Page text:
Daveed the Luk'ie
Trying to attain the fantasy mood
I've previously tried to "get myself into a fantasy mood" by imagining that Thomas could write fantasy stories. So far, I've been unsuccessful while playing that game, so I need more powerful magic.

Fanfiction Disease
Maybe I could write fantasy if I discovered the best way to combine my "fantasy blindness" with my on-going case of fanfiction disease. Could I start from a science fiction story that was written by one of my favorite authors and create a fanfiction sequel that is a fantasy story?

I confess that I'm sickened by this idea of transforming a perfectly good science fiction story into fantasy. Still, Jack Vance moved between various fiction genres and some of his science fiction stories are not really all that far into the domain of science fiction. Really, it should not be hard to transform one of Vance's science fiction novels into a fantasy story, particularly if you are allowed to leave a few stray spaceships and other techno gizmos in the the story.

One of my favorite parts of Mythos is when Vrinda casually mentions that alien visitors to Earth "influenced whole religions". For the Exode Trilogy, I'm currently trying to figure out exactly how Isaac Asimov and Carl Sagan could be responsible for founding a new religion. Vance, Asimov and Sagan all included religion in their science fiction.

For Exode, I've already brought John Vance (the imaginary twin brother of Jack) over into our Reality from the Ekcolir Reality. I'm intrigued by the possibility that John Vance might start with a Jack Vance science fiction story from our Reality and make a kind of sequel that becomes a fantasy story.

Ghyl Tarvoke, fantasy pirate?
A candidate for being taken through this kind of Sci Fi-to-Fantasy transformation is Vance's novel Emphyrio. Vrinda's story Mythos  reminds me of Emphyrio since Vance's story also involves the protagonist's father, who, having secretly kept alive ancient knowledge, dies early in the story, leaving the young hero to discover the secrets of his/her world's past. The protagonist of Emphyrio is Ghyl Tarvoke, a native of the planet Halma. Halma was long ago "conquered" by aliens (the Damarans), but the human residents of Halma are unaware that they live as slaves, toiling in the service of alien masters.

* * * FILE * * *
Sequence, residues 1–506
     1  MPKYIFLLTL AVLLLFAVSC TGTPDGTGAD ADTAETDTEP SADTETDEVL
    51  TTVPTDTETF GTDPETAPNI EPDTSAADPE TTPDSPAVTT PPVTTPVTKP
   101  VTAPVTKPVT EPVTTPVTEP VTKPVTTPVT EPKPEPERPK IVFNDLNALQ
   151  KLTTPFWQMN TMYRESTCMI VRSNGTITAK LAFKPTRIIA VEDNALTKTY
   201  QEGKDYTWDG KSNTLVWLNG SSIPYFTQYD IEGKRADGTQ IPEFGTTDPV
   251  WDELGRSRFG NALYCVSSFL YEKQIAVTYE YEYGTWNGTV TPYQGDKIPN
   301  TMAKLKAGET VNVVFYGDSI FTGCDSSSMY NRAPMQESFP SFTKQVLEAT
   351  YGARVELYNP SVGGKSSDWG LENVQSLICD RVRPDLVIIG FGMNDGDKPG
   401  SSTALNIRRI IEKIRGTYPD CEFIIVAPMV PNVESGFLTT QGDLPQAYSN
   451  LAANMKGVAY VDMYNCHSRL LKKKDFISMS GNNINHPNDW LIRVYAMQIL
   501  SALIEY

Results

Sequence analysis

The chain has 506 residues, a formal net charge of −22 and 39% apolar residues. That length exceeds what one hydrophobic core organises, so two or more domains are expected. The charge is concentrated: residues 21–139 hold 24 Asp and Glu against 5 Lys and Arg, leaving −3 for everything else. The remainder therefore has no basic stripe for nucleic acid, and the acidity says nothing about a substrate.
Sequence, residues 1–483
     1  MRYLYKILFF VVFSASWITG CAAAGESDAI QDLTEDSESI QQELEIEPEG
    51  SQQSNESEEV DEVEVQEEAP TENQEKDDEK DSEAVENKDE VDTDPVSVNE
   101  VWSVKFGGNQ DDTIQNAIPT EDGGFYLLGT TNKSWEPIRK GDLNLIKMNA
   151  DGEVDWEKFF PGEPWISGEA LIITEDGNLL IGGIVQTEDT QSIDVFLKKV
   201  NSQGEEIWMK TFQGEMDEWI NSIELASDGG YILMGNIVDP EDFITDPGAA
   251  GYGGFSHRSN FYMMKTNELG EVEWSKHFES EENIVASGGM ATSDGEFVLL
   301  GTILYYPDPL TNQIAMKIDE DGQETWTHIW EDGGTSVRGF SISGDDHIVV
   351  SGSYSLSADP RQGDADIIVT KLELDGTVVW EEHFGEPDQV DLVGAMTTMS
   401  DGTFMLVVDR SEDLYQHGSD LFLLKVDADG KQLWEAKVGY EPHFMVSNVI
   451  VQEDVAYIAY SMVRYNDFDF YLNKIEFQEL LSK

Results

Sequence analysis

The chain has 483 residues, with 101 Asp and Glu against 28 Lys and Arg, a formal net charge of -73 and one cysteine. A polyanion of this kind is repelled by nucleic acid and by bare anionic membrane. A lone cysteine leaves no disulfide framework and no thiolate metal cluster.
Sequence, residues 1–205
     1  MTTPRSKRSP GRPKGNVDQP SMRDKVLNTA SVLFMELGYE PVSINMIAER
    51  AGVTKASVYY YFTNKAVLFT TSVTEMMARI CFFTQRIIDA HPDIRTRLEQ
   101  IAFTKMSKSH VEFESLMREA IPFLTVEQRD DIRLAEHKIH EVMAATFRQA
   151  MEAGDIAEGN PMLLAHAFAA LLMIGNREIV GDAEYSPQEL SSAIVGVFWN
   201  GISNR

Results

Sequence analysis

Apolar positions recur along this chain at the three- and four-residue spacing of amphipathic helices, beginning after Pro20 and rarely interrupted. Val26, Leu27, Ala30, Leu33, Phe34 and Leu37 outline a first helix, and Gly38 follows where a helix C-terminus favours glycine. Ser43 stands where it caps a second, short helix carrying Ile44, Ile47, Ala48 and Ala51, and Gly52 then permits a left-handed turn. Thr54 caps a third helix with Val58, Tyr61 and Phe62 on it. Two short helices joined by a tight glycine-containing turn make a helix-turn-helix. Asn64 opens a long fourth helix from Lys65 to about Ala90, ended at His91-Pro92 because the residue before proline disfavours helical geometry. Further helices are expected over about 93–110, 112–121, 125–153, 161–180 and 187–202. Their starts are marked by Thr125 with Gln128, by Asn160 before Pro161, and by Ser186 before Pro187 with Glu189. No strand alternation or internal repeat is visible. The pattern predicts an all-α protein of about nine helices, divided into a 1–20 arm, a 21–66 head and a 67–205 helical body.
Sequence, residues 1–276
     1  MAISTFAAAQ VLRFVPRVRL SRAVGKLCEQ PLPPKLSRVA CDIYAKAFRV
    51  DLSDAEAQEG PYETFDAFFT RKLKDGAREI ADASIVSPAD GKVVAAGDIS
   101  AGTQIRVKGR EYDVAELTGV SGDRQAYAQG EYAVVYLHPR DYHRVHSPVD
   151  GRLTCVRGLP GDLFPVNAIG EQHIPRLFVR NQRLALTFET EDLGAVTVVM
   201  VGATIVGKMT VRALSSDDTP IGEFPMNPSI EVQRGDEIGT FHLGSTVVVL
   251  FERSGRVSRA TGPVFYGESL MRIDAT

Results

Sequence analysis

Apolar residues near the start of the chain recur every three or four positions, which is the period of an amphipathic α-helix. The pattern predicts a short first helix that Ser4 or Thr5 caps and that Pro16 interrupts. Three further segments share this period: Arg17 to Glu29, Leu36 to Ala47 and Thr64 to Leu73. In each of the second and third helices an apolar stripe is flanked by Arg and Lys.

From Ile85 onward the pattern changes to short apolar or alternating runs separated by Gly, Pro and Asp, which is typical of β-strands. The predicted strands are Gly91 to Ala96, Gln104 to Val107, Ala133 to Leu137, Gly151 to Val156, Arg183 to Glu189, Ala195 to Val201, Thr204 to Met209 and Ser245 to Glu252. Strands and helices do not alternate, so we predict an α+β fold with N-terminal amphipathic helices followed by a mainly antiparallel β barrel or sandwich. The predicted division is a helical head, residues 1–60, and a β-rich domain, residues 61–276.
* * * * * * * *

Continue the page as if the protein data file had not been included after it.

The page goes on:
elements of fantasy
My cynical theory of fantasy genre stories is that a random number generator can be used to select the fantasy elements that crop up during the course of a fantasy story. Here are some random fantasy elements that John Vance can include in his Emphyrio sequel: 1) human characters with special (magical, supernatural) powers, 2) animals and/or inanimate objects with human-like abilities, 3) characters who are not restricted by the normal constraints of space and time, 4) characters who constantly battle fear and anxiety because events make no sense and EVIL lurks, 5) sudden plot twists, emotional outbursts and miracles are constantly needed in order to keep the attention of readers, 6) some characters search for something paranormal/mysterious while others are skeptics about the possible discovery of something new. Just for fun I want to add a 7th element: religion.

Religion and Fantasy
Last year an article about the influence of religion on how children think about fantasy stories was in the news (see "Judgments About Fact and Fiction by Children From Religious and Nonreligious Backgrounds"). I want to allow John Vance to explore a fantasy story that explicitly addresses the idea that some people are predisposed to accept supernatural events as real while others (the skeptics) always anticipate a mechanistic explanation for mysterious events.

Science Fantasy. In my current science fiction writing project (the Exode Trilogy) I'm exploring how human belief in Creators of the human species has a basis in reality. I want to take this a step further and devise a "story within a story" for Exode about how a new type of religious faith can come into existence and lead to discovery of an important scientific fact (specifically, a trick of bioengineering that can potentially solve Earth's global warming problem).

Fantasy sequel to Emphyrio
I want John Vance's fantasy story to create doubt about the true nature of reality, leaving unresolved a collection of plot elements from the 7 "fantasy element" categories listed above. However, when this "story within a story" ends, I'll be free to pop back into the larger science fiction story of the Exode Trilogy. I don't want the fantasy "story within a story" to solve the global warming problem, but, rather, to suggest that we need to be open to wonderful new discoveries if we are going to survive as a technology-wielding species of primate.

Next: The Dancing Earth 

Related Reading: 2016 Annual Change Challenge

New by John Vance, The Dancing Earth : a sequel to The Dying Earth